I had tortellini with gorgonzola and walnut sauce last night.
As I get older I get more appreciative of good food and less appreciative of business travel. I never used to look forward to a meal with such naked relish as I do these days, yet never did my heart sink so low upon entering yet another hotel room as it has done lately.
I used to love travel, every little bit of it.
I used to love the buzz of it, the excitement you feel in airports and train stations.
My heart used to beat faster as I walked through Victoria Station and saw giggly backpackers preparing to cross the channel. I envied their freedom.
I used to love the journey, the space of travel, the discovery of arrival of a new place with its bizarre little differences – at first perplexing – even insurmountable – but soon thrillingly familiar, but still excitingly foreign. I was amused by the meagre luxury of hotels, the silly little chocolates placed on the pillow to fool you into thinking that this was the high life, the faux quality of the accessories, like we wouldn’t notice it was all barely skin deep, a veneer no thicker than the toilet paper folded unnecessarily into a posh and pointy triangle.
Now I see airports as systems to generate queues and obstacles.
Air travel – and more specifically airports – have turned travel from what was once a romantic and exciting experience into a series of waits broken up with tiresome and pedantic procedures.
Hotels have turned what was once a rare and cheeky taste of luxury-living into identikit tedium.
What could be a shining example of comfort and convenience becomes just a place to shove your clothes and rest your head. Hotels should be excited about the challenge of creating spaces that work for middle-aged business travellers who need to work but really want some peace and quiet and good food that won’t lead directly to a heart attack.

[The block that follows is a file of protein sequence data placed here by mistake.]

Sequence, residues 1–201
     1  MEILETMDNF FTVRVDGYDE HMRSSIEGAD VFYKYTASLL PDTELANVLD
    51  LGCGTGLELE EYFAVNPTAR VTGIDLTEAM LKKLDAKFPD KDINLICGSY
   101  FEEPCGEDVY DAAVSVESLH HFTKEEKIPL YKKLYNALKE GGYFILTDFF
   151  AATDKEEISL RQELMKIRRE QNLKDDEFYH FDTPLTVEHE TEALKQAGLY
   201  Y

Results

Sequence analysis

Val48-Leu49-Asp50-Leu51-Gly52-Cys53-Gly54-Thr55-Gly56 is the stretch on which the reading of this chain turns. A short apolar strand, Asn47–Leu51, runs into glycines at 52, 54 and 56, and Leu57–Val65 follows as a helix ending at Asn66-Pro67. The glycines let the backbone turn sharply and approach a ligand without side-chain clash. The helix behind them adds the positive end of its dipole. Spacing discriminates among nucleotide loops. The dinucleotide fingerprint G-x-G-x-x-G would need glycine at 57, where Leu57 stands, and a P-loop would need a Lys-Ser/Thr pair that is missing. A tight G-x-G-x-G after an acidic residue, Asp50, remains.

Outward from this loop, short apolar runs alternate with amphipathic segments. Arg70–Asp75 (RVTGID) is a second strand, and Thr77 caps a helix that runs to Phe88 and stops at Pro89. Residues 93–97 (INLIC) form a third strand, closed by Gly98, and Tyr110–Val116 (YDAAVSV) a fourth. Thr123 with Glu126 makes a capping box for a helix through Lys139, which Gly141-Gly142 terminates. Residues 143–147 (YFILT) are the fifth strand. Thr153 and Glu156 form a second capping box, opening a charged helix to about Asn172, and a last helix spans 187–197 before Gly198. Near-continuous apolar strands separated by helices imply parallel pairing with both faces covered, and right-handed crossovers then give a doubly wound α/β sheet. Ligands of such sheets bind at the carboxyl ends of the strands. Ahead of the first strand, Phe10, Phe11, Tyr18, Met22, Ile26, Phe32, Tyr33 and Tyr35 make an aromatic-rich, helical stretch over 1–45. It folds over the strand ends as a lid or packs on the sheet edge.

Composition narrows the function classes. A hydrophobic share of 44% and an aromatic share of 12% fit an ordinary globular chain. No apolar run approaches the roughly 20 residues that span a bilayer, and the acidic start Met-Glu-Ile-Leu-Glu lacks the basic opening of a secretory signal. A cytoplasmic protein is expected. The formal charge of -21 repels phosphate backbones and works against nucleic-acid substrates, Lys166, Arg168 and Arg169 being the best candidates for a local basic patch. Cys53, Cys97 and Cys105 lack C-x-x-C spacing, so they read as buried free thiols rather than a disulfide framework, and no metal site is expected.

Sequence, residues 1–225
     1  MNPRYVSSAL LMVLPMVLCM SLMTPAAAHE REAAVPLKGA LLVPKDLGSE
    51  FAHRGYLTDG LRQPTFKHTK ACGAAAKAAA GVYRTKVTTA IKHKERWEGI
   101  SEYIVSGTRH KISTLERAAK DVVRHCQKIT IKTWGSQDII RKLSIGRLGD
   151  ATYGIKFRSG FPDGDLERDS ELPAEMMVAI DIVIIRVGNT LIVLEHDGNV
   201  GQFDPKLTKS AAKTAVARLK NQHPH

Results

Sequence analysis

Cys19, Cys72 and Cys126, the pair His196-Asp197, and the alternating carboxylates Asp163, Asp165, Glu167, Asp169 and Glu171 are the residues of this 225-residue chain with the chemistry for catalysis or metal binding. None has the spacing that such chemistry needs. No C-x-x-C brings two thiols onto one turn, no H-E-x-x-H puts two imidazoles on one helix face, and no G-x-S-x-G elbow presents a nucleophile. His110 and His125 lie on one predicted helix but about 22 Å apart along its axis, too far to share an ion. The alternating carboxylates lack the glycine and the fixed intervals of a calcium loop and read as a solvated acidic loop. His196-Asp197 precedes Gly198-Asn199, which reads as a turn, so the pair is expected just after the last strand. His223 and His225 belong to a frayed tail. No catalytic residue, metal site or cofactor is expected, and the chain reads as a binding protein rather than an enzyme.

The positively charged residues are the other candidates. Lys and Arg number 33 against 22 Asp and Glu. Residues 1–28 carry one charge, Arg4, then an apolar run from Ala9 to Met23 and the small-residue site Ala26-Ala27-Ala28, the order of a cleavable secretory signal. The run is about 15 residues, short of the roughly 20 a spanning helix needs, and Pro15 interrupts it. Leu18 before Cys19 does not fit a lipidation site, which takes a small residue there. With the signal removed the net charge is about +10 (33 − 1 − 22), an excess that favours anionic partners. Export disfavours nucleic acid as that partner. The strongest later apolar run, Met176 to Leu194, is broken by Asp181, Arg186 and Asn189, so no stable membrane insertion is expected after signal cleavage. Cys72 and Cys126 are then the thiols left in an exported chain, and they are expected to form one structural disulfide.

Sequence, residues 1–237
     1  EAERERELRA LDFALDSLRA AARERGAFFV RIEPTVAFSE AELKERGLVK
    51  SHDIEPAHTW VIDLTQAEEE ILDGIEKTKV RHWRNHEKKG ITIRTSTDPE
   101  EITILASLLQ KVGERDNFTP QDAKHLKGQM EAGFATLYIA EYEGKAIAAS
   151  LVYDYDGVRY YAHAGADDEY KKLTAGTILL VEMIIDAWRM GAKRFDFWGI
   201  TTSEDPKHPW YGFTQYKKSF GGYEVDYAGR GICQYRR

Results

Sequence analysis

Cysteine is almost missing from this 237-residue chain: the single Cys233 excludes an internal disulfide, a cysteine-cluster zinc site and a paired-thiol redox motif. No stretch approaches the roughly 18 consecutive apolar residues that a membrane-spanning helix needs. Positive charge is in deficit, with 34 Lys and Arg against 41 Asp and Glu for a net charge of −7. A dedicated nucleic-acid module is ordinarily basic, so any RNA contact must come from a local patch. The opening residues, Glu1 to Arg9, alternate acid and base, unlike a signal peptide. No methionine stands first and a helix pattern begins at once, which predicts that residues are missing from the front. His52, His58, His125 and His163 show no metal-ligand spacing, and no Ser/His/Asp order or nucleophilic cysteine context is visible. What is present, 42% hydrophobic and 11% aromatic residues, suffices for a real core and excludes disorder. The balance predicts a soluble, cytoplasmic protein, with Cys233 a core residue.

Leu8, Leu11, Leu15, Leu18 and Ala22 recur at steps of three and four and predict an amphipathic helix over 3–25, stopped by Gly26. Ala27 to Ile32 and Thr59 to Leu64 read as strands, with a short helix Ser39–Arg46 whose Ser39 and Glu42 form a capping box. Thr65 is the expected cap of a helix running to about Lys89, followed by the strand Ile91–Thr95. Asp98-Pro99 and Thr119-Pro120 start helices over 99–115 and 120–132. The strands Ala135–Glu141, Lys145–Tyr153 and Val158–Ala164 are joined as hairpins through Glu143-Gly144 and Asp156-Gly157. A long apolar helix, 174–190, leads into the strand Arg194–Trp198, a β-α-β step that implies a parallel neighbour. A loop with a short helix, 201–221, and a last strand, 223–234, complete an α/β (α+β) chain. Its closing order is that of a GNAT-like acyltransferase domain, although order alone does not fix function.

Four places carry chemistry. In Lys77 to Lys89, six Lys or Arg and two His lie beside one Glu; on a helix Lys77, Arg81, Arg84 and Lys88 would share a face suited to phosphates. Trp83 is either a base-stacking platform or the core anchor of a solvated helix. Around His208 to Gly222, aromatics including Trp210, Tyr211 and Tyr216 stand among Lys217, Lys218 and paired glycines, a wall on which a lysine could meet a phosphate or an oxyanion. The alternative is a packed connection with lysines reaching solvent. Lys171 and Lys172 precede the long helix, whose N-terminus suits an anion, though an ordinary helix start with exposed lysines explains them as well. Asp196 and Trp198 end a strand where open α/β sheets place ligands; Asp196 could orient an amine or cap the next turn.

They seem more excited about cutting costs and over-complicating the humdrum act of serving coffee at breakfast.
Most hotels can’t even provide a functional wardrobe and seem unaware of where to buy coathangers.
Fortunately, just as airports, airlines and hotels focus on becoming worse and more alike, restaurants are moving in the opposite direction. They are not only focussed on creativity in the food-sense, but also at creating great environments and experiences for the diner.
There’s still a long way to go, the Spanish specialise in waiters who are trained to ignore their customers, getting served can be a challenge difficult to overcome for polite people who don’t like hollering “oiga” across the room.
The service can be good when you eventually get their attention, so it’s not a lost cause.
They also don’t seem to have yet cottoned on to the importance of drinks, in particular beer: a decent wine list is as old as the hills, whereas offering a decent range of interesting beers seems to be a trick oft missed. It is shocking how often I am forced to drink pedestrian mass-produced lager with my gourmet pizza or chef’s special curry – meals I much prefer with chilled beer rather than red wine.
Last bit. Stay with me.
I came home on the train.
Spain’s dead quick and swanky high-speed AVE service – cutting the journey time between the country’s two biggest cities to just under 3 hours. I cleverly got a bargain ticket that meant I could travel in posh class for less than the tourists in the cattle trucks behind.
This is a great example of fake luxury.
The posh luxury lounge in Barcelona’s unpleasant Sants station looks grand and mysterious behind coloured glass walls and fancy big automatic doors which sneakily reveal nothing when they swish open.
The poor and under-privileged people outside must feel sick with envy as those of us with the right ticket being ushered into the posh poshness of the top-secret super-posh lounge for posh people.
Once inside the windowless bleak interior, scattered with soft furnishings, everything is free. Everything. Bottles of water, coffee, packets of wafer biscuits. The list just goes on. And then stops. The list stops at wafer biscuits. The untold posh poshness and luxurious luxury comes to an end with a swift swiftness.
Once you’ve had a coffee and a biscuit and a tepid bottle of peach juice, you’ve pretty much exhausted the decadent luxury on offer.
The train is similar. The luxury free meal is half a diagonal sandwich and a chocolate bun. The train moves just as quickly at the posh end as it does in steerage. There is free wine and coffee, but no one thought of adding WiFi. The woman behind me doesn’t stop her mobile phone jibber-jabber until we pull into Atocha, so even that little saving grace of first class travel – that of separating the traveller from the unwashed masses – is lost in my case.
Thankfully, the tortellini with gorgonzola and walnut sauce made the trip worthwhile.